From the beginning and nearly to the end of the war and the emergence of a centralised organisation [ 'Der Kern' - 'the Core'], Dutch Resistance was of a localised nature and took the form of individual 'cells' of determined individuals, often working independently of each other. These active cells were localised due to the nature of the country itself but, throughout, 'civil disobedience' in all its many forms was rife on the part of the population as a whole. Encouraged by a deep loyalty to the exiled Queen Wilhelmina in London, examples include the wearing of the nationalist orange colour, the listening to illegal radio broadcasts, and a series of strikes that were both national and industry specific, such as that of Doctors. Both the Dutch Reformed and the Catholic Church actively supported such acts. At one point, 85% of all University students refused to sign an Oath of Allegiance to the Nazi Party. Mass fraud and forgery was widespread and the highly dangerous practice of sheltering 'Onderduikers' - 'under divers' - Jews, individuals wanted by the authorities and allied airmen] was rampant - the figure of approximately 350.000 people is quoted. All of these people required shelter, food, money and ration cards. As a result, forgery and counterfeiting became a national industry! Slowly, all of these activities took on a more centralised and organised nature. This, of course, was not without cost! It is estimated that for every German service person killed, ten Dutch nationals were executed. By the end of the war, a further calculation is that seven and a half thousand active Dutch Resistance workers were either executed or else died in captivity. For those wishing to discover more, the website on 'You Tube' [www.historylearningsite.co.uk] is an excellent place to start exploring this subject in far greater detail.


Hetty Steenhuis, just twenty when the war begins, is a young law student studying Law at the University of Leiden in the quaint and picturesque city of that name [the oldest established University in Holland]. Her comfortable middle class home is in the the Hague, twenty one kilometres away and where she lives with her parents and her younger brother Jan - whom she worships. Her best friend is Mimi, a diminutive and extremely attractive girl of the same age from an aristocratic background and with whom she shares a small flat in Leiden. Hetty is in love, or believes she is in love, with a rather unkempt and bearded boy named Karl deBoer. This boy, he works in his uncle's bicycle factory, has communist sympathies. Soon after, after a brief spell in the Dutch Militia at the very start of hostilities, he is reported killed and missing. He has in fact been betrayed by her former boyfriend and Nazi informer - Peter Brecht - for his supposed communist sympathies and out of jealousy. Hetty is soon to discover Brecht's activities. Hetty's relationship with her father is extremely fragile. Loewen provides the reader with a very astute portrait of him:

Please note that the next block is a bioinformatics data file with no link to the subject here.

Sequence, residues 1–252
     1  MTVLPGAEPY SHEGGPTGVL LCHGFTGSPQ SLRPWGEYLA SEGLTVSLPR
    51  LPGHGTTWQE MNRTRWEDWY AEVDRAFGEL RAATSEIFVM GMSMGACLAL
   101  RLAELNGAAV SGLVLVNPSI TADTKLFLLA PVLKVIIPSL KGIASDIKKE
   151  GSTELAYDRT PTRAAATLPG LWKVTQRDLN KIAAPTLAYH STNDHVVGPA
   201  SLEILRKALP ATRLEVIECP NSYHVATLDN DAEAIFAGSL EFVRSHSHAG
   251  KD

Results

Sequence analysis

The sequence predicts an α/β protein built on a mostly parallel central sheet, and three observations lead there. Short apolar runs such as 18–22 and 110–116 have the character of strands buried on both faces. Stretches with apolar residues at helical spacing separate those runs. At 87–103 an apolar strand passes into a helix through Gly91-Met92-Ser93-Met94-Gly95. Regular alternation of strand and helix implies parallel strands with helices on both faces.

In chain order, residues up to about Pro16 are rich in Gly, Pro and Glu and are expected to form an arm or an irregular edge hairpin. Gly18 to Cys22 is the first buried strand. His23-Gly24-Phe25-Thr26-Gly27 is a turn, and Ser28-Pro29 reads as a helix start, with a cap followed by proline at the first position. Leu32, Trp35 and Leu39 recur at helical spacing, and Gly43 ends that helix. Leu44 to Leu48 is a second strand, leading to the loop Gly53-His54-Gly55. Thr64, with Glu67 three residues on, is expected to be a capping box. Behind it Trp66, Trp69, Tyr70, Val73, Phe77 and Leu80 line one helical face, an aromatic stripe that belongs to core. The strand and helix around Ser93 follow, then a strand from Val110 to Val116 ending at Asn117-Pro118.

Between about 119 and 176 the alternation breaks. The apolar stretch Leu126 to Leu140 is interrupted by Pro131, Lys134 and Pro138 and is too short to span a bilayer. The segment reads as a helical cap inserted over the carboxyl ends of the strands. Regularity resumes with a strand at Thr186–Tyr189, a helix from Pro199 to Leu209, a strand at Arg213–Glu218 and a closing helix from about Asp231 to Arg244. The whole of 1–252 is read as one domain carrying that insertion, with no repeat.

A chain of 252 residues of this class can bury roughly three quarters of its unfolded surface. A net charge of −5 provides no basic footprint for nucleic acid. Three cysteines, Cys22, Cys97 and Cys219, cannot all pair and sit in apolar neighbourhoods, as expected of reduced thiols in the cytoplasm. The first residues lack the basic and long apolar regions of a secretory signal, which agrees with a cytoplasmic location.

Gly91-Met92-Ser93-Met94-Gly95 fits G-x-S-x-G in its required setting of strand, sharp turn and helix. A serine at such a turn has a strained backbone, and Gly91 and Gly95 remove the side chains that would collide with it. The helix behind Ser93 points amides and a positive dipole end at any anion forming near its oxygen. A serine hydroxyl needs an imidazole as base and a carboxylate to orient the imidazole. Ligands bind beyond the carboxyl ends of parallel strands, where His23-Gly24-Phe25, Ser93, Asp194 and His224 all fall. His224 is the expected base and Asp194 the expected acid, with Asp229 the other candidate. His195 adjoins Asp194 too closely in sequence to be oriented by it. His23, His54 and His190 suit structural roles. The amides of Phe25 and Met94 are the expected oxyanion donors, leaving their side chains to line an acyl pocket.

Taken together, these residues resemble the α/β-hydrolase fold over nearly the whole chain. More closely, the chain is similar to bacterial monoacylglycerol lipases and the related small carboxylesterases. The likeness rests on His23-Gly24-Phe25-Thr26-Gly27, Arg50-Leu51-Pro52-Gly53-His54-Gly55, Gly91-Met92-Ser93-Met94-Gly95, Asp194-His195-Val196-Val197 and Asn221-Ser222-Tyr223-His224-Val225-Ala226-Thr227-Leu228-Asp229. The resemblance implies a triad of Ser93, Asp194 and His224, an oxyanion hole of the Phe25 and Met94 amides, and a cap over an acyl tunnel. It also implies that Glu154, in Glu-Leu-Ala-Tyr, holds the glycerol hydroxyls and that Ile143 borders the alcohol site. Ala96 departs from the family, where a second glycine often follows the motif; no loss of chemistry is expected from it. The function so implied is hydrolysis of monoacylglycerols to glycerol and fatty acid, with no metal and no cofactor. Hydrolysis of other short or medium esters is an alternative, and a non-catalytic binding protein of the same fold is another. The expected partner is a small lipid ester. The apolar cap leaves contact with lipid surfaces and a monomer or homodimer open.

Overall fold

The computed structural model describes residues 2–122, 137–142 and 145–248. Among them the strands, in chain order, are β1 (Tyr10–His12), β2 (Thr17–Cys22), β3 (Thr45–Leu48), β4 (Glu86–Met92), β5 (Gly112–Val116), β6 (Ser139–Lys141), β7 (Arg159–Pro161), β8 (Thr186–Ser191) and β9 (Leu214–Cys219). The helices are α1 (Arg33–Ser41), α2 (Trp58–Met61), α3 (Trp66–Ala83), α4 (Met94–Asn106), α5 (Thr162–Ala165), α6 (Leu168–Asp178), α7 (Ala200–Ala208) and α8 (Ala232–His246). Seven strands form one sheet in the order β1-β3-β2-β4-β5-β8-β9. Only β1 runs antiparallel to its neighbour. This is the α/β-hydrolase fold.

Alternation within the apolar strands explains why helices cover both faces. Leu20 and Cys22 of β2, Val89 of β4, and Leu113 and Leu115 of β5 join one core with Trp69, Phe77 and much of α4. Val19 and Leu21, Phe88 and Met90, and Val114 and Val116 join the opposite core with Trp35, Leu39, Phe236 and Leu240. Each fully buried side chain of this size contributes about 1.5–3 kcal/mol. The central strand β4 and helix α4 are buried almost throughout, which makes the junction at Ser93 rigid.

''On the surface, Willem seemed driven by his own self-regard, but in reality, his behaviours were best explained by the lack of it. His relationship with Hetty had been tense ever since Willem cut her allowance in half to persuade her to pursue a more ladylike curriculum than her chosen field of law. A lawyer himself, Willem had never met a female advocate for whom he had any regard. A pale man whose thick moustache flickered when he was asked a troublesome question, Willem had a foghorn voice that always sounded like he was bluffing at cards.''